a little boy holds an oar in a boat

59. Who is in the sub? What’s it like inside? What are they doing?

a submarine

60. Whose book is this? What’s it about? What’s happening to it?

a book that has water flowing out of it

61. How did that piece of land with the house on it break off from the rest of the world? Why? Where is it going? Is anyone in the house?

a fantasy graphic with a piece of land separating from the earth and floating away

62. Who is this girl? Where is she? Who is she shooting at?

a woman in the woods shoots a bow and arrow

63. Where does this scene take place? Is the lizard/dragon good or bad? What is its relationship with the girl?

a girl standing on the tip of a cliff pats the nose of a giant lizard

64. What do these books represent? What kind of world is this? What (or who) is inside the books?

a row of books designed to look like houses

65. What are these dinosaurs discussing? Where are they? What do they do for fun?

two dinosaurs

66. Whose cottage is this? Do they still live there? If not, where have they gone? If so, what do they do there?

a fairy tale cottage in the woods

67. What is the moth thinking about? Is it alone? What’s the biggest challenge it faces in this moment?

a moth on a flower

68. Who is the owl looking at? Has it read these books? What is its greatest talent?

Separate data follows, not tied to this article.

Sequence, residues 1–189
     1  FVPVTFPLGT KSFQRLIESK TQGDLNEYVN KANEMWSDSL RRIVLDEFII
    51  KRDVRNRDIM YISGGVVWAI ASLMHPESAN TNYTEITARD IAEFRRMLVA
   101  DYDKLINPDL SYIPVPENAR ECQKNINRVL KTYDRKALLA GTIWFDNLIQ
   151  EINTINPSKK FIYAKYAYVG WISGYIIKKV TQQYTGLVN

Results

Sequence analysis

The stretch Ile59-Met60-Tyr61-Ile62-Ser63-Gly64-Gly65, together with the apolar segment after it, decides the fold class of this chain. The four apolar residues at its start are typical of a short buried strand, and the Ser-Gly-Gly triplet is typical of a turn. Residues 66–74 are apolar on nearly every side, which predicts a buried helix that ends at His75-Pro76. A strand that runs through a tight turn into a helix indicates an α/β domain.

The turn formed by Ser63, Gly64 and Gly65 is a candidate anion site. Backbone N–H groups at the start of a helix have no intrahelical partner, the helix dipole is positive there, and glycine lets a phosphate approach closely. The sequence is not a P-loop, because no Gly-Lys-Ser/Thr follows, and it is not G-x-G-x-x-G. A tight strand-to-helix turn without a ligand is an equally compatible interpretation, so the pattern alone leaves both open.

an owl wearing beside a stack of books

69. Where are these trees? Why are they pink? Do they have any special powers or features?

trees in a wood covered with something pink

70. What are these best friends thinking about? Do they have something to hide? What adventures do they go on together?

a cat and a dog lie together on a book

What do you think? Which kind of pictures do you like best for creative writing prompts ? Let us know in the comments.

Thursday 9th of May 2024

I love this website because I was using it with my kindergartners and it work so so so well!!!!

Monday 20th of May 2024

That's wonderful. Thanks for sharing!

Tuesday 5th of March 2024

I LOVE these! My daughter has always struggled with written story prompts and an internet search this week convinced me of the value of picture prompts for reluctant readers/writers (https://youcanjournal.com/journal-picture-prompts/ if you're interested!). I'll definitely be using these to help improve her writing skills. Thanks so much!

Tuesday 26th of December 2023

I think the idea of using picture prompts is a great idea. It initiates oral language thus building vocabulary. It allows lends itself to students working in small groups to stimulate new ideas. The prompts engage the students and gives the teacher the opportunity to focus on specific writing skills.

luke elford

Wednesday 13th of December 2023

cloey mckay

Tuesday 17th of October 2023

I tried this with myself and my 6th-grade students, and they love it. it gives room for so much creativity.